For all of my life I have been interested in gardening. It has ranged from mowing the grass for pocket money as a boy, watching the odd programme on the television – really enjoying Geoff Hamilton on the BBC and his successors – spending the whole day in someone’s garden to bring it up to shape and maintaining it. I have even been a full time gardener at a small manor house here in the Gloucester countryside.

Most of the time my gardening has been confined to small contracts to maintain gardens for people too pushed for time or for elderly or disabled people.

If you would like help in your garden, please contact me.

preaching

Prayer for today

Look up a bible passage here.

Lately I have posted in WordPress. Here is the opening from the latest sermon.

‘These fellows are disturbing our city; they [are Jews and] are advocating customs that are not lawful for us [as Romans] to adopt or observe.’

“Lawful” – this is such a loaded word, isn’t it? What does this Greek word translated as “lawful” really mean? I would like to delve into the Greek Lexicon just a bit to start us on our way.

Read more

Other sermons are available

Since arriving in Slimbridge, I have been saving my sermons and producing them on my website. A number of different ways of presenting them have happened. Here is a listing of the earlier sermons.

Sermons before using WordPress

Some sermons

Here are the openings for some sermons as they are being kept on these pages.

Sunday, Easter 4

This is Good Shepherd Sunday. The reading from the gospel of John and our psalm give today its name. We should have had a premonition last week that the shepherd was coming, for in our gospel reading we heard about the terribly trying questions Jesus asked Peter. “Do you love me?” Of course Peter loved Jesus, just as we do. But Jesus told Peter to feed his sheep. That should have got us thinking. We probably should have anticipated today’s theme and been thinking about how to feed sheep.

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Sunday, Easter 3

“Saul went to the high priest and asked him for letters to the synagogues at Damascus.” What is not said in this sentence? It is clear that Saul went to the high priest to ask for something. But what is that “something”? Saul asked for letters. Was this the alphabet? Did he want a parchment with an aleph or the sacred name of God written on it? What are these letters? Don’t we know about these letters in our own lives? They must have been letters of introduction.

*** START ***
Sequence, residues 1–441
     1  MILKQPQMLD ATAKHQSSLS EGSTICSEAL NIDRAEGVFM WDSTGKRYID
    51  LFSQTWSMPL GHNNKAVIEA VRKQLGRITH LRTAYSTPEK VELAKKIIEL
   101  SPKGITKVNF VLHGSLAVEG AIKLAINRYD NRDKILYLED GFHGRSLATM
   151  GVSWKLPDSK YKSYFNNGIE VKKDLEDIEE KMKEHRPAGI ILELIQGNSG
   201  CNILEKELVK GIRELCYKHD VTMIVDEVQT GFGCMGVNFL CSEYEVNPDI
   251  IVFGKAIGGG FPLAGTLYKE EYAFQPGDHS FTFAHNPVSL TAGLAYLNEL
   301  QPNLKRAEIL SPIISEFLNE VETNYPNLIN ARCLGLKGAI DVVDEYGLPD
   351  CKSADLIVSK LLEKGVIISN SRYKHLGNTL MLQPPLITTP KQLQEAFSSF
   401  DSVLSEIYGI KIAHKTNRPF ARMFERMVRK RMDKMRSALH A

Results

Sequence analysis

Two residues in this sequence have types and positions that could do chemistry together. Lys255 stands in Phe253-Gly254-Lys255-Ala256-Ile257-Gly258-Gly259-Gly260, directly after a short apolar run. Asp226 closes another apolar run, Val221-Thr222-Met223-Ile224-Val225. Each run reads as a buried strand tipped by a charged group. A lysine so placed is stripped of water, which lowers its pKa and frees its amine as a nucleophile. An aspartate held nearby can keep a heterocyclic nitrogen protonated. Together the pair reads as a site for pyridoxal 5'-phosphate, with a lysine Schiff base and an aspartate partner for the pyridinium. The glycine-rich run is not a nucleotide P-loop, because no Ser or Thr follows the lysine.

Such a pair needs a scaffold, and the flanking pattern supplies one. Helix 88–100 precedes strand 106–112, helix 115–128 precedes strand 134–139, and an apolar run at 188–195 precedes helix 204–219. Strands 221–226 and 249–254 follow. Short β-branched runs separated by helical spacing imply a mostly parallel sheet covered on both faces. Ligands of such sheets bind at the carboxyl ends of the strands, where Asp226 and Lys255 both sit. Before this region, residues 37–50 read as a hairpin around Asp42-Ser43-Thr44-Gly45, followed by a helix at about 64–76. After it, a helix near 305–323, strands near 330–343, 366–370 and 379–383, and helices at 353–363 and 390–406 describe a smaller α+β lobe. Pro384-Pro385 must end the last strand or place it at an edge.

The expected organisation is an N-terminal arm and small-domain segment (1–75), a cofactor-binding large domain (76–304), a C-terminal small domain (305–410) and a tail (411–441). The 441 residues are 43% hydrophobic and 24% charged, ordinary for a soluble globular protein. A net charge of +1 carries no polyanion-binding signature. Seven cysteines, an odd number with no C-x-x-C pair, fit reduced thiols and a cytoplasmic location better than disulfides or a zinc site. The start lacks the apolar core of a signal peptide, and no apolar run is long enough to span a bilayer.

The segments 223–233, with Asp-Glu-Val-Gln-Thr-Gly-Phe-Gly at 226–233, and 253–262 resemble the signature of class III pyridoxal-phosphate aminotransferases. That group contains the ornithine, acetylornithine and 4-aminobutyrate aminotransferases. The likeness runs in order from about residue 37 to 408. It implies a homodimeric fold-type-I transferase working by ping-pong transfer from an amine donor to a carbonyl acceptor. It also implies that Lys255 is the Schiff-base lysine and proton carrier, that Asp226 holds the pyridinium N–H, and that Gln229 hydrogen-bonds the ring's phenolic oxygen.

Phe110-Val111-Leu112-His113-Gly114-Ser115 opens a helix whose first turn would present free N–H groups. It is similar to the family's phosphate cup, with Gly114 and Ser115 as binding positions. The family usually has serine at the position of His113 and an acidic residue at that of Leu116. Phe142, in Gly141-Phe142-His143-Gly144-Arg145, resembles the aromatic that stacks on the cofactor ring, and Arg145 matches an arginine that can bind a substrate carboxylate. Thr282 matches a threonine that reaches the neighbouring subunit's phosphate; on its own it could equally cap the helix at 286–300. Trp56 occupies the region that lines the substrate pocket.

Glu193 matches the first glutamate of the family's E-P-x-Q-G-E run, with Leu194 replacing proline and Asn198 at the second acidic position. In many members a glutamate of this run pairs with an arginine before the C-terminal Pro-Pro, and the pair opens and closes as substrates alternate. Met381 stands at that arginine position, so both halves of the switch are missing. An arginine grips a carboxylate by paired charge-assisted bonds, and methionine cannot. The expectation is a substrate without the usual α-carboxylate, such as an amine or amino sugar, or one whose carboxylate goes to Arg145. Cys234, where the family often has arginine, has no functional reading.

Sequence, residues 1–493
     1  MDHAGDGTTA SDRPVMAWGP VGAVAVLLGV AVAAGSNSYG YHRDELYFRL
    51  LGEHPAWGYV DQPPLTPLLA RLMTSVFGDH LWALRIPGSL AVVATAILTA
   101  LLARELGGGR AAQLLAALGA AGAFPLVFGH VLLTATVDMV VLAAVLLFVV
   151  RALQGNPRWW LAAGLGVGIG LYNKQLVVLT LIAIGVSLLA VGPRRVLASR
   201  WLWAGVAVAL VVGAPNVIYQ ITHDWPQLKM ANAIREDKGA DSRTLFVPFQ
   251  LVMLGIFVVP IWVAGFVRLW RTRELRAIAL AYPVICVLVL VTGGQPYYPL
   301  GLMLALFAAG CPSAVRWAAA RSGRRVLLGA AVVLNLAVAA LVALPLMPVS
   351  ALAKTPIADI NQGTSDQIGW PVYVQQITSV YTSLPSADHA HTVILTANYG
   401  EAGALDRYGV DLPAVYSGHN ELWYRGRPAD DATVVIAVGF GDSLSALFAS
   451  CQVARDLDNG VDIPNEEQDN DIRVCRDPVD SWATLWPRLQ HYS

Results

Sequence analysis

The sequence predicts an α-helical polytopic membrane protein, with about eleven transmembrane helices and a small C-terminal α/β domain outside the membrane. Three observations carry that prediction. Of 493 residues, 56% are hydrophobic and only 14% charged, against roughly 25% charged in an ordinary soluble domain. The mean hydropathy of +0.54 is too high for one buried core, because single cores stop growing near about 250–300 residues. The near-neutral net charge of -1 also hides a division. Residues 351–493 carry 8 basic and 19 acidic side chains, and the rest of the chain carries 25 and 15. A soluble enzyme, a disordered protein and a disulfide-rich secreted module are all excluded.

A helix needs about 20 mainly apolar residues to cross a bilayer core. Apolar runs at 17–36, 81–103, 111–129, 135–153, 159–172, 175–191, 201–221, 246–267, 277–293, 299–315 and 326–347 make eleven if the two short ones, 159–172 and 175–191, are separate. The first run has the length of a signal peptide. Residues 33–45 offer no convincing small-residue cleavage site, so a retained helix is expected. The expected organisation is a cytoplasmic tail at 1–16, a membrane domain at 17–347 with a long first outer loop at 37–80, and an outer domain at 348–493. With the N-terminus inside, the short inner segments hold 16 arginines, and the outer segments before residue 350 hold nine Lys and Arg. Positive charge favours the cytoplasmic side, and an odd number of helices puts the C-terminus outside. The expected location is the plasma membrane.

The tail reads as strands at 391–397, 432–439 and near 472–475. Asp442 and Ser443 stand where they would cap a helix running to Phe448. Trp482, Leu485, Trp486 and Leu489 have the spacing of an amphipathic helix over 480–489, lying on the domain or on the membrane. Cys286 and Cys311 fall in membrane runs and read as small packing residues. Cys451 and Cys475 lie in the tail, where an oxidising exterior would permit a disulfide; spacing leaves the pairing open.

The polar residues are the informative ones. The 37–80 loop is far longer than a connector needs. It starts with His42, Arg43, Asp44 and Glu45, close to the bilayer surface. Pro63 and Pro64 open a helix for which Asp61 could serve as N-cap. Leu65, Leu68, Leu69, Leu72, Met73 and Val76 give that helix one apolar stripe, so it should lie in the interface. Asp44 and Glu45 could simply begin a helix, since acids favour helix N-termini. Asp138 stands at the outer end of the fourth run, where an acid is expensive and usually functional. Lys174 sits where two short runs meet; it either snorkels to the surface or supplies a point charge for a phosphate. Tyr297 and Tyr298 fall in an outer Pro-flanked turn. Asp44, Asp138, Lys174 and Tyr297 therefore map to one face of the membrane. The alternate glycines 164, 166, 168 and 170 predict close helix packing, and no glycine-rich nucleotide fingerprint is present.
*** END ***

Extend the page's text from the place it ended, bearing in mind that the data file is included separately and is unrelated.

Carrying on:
They might have said “Here is Saul, my friend. Treat him as if you were to have me visiting your community.” We know about these letters, don’t we? Haven’t you written to someone saying a friend was coming to their village and you wanted them to have a warm welcome. Well, this must have been the start of those letters Saul asked for, don’t you think?

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Sunday, Easter 2

“Doubting Thomas”– Why is this the reading for the First Sunday after Easter? But what do we mean by it? I think we probably mean something very different to the story John presents. Many preachers will use this story as a fillip for those who are having dark days in their journey of faith. Those preachers say, “Even Thomas had his moments, so we should be encouraged to live courageously through the whole our experience.” But I am not one of them. Why do you think John recounts this story for us?

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Passion Sunday

Through the prophet, the Lord speaks to us

Do not remember the former things,

or consider the things of old.

I am about to do a new thing;

now it springs forth, do you not perceive it?

I see this is just the opposite to what we normally think God is asking of us. We often dwell on accomplishments of the past, and our consideration of past events blinds us to what is all around us. Don’t we try to keep everything the same as it has always been – to get back to that ancient normal? I think such an attitude is problematic because we grasp on to the past so tightly that everything becomes distorted. After all, the past is only what we remember. We can warp the past with our fierce grip. …